American Merchant and Patriot Letter
Instructions: Seven Years In the late 1760s and early 1770s (between the end of the War and the beginning of the Revolution) you were upset with the imperial/colonial government. It is now a quarter-century down the road from your youth, you are well into your middle-aged years, with idealistic children, and a grandchild or two, of your own. You and your generation have sacrificed much to bring about the United States and its new government under the Constitution. President George Washington’s Administration is in place, Congress has been elected, and the form of the new government is taking shape. Are you satisfied with the new government under the recently ratified Constitution? Do you think your 20-something year old self (the protester from the 1760s) would be happy with the way things turned out? You have decided to write a treatise (a fancy word for an essay) upon this subject as a gift to your grandchildren. In it you will think about your main social, political, and economic grievances from the 1760s in relation to your current beliefs. Have things turned out well for you and other elite merchants? Have your grievances from the 1760s been redressed (or are no longer relevant)? Have new political, economic, or social issues replaced them for your socioeconomic group in the 1780s? Has your group met their social responsibilities to the new nation; have they compromised where needed for the greater good or selfishly looked after their own interests? What, if anything, is left to be done for your group? Most importantly, would your 1760s self believe that you held onto your ethics even as war raged around you; have you remained true to the ethical stands you took in the 1760s or have you grown more pragmatic with age and experience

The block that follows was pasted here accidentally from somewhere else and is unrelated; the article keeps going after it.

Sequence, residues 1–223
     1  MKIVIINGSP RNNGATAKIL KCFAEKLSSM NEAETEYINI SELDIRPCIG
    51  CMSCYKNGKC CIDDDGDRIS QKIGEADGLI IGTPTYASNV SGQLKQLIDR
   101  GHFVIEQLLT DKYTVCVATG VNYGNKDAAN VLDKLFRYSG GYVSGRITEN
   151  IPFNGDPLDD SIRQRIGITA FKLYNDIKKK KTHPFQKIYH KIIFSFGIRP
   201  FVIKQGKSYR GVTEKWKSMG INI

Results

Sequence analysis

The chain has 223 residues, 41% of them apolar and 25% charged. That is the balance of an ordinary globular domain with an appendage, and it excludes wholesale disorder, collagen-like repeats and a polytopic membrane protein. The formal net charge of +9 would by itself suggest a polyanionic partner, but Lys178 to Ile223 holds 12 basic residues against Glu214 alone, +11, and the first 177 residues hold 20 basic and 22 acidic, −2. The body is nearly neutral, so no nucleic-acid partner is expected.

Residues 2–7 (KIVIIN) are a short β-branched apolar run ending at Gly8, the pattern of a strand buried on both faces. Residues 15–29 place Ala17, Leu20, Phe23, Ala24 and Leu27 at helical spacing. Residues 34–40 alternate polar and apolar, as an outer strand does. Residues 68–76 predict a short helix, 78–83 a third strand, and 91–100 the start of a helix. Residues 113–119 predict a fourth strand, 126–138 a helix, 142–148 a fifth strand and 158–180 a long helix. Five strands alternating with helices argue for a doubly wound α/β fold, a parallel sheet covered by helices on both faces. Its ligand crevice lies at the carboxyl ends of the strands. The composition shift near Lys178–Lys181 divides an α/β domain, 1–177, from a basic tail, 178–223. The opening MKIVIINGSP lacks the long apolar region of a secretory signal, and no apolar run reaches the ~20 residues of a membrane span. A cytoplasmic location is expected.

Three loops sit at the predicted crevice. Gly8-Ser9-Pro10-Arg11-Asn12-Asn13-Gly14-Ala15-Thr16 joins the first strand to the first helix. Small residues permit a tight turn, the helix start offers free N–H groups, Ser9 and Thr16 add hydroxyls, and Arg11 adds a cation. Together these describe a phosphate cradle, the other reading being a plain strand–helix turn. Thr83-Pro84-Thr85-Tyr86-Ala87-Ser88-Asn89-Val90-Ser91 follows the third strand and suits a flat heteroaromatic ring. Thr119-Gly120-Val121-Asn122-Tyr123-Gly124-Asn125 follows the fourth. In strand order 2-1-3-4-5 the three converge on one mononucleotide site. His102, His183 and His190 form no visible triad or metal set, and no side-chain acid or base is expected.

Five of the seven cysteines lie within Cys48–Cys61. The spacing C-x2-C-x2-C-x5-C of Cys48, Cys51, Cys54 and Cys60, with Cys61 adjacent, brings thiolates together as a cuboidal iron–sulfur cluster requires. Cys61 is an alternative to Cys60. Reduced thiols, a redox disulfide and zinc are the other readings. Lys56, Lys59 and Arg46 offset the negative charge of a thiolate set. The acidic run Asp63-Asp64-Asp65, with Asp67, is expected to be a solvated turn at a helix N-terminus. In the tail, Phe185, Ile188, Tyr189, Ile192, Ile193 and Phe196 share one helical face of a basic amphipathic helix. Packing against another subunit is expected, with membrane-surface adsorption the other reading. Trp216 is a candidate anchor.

American Merchant and Patriot Letter
I am writing to you my children and grandchildren that this is our nation, and we have fought for it. You are expected to take good care of the generation to come and let not bad governance eat you up. As a patriot to the US, we have fought for resolution of our grievances. As an elite merchant in 1760’s, we experienced social, political and economic problems, with the new patriotism that we as Americans have shown after the revolution. I can see a bright future for this nation. As a wealthy merchant, we experienced monopoly overhaul of the East Indies Company. We were only able to trade with the British at that time because of the trade bans they imposed. With the American revolution in place, de jure lifted the bans, and now we can trade with other colonies (Scott Corbett, et al., 2014).
After the war American leaders are now ready to create socio-economic nationalism and national unity through creating national banks, protecting merchants from outside competition and building canals and roads to foster transportation and linking our country together (Scott Corbett, et al., 2014). I can now sit down and say that our grievances were solved. Politically, as the new convention postulated the constitution, most of the delegates found themselves separated geographically that led to compromises in Connecticut and a compromise over slavery.
George Washington government was able to create a balance of power within the three branches of government. With the amendment in the summer of 1787 being one of the greatest efforts, the world has never seen in the process of national deliberation (Scott Corbett, et al., 2014). Indeed, the new constitution was better in governance compared with the Articles of Confederations. With the new president under the new constitution, we as merchants can now trade freely with any colony. Also, recovery from an economic recession has significantly freed trade between colonies. There is hope for a better tomorrow.
Scott Corbett, P., Janssen, V., Lund, J. M., Pfannestiel, T. J., Vickery, P. S., & College, O. (2014). U. S. History. (S. Waskiewicz, Ed.) OpenStax College.